Kyotos Fantasyland Allocating the Atmosphere

By far the most difficult problem for emission trading is distributing the permits. Nearly all studies on the economics of emission trading have treated the political problem of allocation as the proverbial economist's can opener. Assume an omnibus negotiation that distributes emission permits across 190 countries and several generations. Then wonder at the efficient market that can result. Is the assumption valid?

The standard critique of trading is that there exists no consensus on what formula can be used to govern the allocation of permits.1 Emission trading enthusiasts—especially the Clinton Administration, which pushed hardest for emission trading in Kyoto—counter that the successful negotiation of the Kyoto Protocol is proof that permits can be allocated. They also claim that any collective agreement must allocate benefits and burdens—emission trading is no different; rather, the ability to compensate reluctant participants with excess permits might actually ease the problem of allocation. Moreover, enthusiasts argue that allocation problems have been solved in other emission trading systems, such as the successful U.S. program to trade emission rights for sulfur dioxide, the main precursor to acid rain.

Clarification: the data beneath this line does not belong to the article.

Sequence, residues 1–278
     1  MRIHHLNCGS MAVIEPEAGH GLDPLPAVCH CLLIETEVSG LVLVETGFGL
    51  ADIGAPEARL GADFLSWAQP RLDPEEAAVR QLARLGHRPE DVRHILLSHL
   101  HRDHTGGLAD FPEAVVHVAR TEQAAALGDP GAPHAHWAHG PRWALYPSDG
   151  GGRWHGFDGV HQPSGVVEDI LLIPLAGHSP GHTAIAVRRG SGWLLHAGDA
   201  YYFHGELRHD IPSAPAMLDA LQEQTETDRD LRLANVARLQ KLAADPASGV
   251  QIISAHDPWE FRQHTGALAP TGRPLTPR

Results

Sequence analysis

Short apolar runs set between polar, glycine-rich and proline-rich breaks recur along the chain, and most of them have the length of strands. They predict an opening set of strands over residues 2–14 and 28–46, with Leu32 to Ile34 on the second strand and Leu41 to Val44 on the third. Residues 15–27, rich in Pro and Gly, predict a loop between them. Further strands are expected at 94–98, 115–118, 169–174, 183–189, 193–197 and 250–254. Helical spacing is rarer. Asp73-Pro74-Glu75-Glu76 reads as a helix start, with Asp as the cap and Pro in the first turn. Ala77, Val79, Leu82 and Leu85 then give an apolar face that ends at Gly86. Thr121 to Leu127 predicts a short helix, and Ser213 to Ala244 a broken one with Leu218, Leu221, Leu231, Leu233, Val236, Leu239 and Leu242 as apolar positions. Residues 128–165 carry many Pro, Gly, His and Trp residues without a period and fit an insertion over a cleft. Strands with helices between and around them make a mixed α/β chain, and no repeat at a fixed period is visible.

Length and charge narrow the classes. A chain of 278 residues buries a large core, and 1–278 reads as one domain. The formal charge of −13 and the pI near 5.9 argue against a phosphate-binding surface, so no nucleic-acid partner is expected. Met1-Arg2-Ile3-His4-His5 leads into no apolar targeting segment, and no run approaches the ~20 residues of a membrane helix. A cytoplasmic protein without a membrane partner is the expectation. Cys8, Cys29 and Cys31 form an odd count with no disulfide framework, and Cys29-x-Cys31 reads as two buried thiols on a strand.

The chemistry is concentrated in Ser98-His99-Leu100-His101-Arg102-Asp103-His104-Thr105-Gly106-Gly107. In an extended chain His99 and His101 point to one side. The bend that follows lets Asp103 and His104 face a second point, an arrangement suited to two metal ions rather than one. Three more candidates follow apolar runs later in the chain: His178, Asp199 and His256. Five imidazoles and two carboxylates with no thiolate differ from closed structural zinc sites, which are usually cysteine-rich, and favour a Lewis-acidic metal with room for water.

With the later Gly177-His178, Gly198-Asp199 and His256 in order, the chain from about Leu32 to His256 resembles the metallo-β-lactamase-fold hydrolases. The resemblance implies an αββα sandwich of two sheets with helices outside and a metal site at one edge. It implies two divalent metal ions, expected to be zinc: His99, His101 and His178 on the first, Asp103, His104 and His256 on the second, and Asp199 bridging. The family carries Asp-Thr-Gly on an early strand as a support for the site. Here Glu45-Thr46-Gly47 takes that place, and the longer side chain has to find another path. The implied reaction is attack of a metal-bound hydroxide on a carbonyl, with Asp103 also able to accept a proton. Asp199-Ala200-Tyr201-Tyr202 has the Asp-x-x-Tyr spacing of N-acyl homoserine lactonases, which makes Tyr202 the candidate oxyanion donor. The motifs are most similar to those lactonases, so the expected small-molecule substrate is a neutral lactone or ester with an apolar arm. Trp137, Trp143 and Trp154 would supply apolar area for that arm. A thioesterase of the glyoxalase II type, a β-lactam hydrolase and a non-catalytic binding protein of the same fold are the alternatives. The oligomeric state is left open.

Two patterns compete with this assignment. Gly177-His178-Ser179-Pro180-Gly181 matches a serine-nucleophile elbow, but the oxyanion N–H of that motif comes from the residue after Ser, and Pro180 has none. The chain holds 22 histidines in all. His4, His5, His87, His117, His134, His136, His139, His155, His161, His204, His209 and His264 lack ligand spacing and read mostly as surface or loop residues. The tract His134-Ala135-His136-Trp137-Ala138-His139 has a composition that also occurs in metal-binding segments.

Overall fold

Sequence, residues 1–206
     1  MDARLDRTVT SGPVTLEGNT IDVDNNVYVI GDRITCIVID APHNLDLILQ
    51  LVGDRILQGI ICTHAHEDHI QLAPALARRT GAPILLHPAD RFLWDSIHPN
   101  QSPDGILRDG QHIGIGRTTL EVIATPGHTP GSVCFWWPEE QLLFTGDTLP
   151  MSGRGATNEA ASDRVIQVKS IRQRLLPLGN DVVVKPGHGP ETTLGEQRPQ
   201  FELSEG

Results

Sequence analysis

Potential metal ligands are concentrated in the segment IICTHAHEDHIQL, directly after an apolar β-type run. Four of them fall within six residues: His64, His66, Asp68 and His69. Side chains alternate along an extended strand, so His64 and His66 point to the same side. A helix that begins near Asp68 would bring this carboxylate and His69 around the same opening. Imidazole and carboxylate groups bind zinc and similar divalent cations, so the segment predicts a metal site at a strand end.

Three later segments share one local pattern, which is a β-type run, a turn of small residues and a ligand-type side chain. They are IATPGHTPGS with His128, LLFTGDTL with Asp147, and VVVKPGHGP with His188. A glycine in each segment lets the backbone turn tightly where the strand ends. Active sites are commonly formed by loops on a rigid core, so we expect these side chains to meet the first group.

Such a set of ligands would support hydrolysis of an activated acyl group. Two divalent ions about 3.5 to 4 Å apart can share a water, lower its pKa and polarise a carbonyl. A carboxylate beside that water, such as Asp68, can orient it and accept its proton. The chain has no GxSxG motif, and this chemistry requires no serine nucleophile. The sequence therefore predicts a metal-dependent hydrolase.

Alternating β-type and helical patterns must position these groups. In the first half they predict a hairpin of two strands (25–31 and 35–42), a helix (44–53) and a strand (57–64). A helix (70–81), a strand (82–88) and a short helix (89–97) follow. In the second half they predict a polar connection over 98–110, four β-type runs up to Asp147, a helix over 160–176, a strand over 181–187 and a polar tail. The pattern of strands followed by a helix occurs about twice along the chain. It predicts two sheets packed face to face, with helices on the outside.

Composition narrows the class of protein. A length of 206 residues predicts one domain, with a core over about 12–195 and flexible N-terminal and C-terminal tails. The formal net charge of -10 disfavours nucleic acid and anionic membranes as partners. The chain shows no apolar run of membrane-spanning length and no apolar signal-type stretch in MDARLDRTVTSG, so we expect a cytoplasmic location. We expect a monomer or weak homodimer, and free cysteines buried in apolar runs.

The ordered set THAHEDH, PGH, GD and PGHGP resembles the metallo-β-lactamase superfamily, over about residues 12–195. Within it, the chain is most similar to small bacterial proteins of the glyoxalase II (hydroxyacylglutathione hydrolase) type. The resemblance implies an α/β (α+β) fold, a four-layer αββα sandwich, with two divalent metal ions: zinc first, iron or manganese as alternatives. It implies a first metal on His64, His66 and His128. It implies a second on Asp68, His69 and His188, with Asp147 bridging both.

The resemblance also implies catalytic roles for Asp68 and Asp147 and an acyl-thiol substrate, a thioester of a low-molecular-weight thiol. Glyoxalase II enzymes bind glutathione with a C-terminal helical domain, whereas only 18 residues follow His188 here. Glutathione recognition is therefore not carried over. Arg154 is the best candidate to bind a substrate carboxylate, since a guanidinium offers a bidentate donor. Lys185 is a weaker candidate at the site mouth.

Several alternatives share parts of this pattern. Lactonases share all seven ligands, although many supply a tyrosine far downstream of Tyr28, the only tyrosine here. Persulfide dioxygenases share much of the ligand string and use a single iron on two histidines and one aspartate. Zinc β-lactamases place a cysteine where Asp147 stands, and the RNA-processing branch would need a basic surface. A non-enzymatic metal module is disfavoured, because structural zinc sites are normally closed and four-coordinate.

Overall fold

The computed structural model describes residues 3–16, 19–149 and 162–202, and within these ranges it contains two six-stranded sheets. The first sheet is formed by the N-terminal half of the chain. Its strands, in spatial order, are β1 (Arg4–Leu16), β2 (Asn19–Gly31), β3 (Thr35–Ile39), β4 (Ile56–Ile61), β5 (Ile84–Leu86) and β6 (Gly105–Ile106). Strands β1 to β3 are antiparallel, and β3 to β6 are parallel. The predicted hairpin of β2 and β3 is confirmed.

On all three claims—the events in Kyoto, the similar allocation difficulties with nontrading mechanisms, and the relevance of domestic trading programs as precedents for international trading—the enthusiasts have focused on the wrong lessons.

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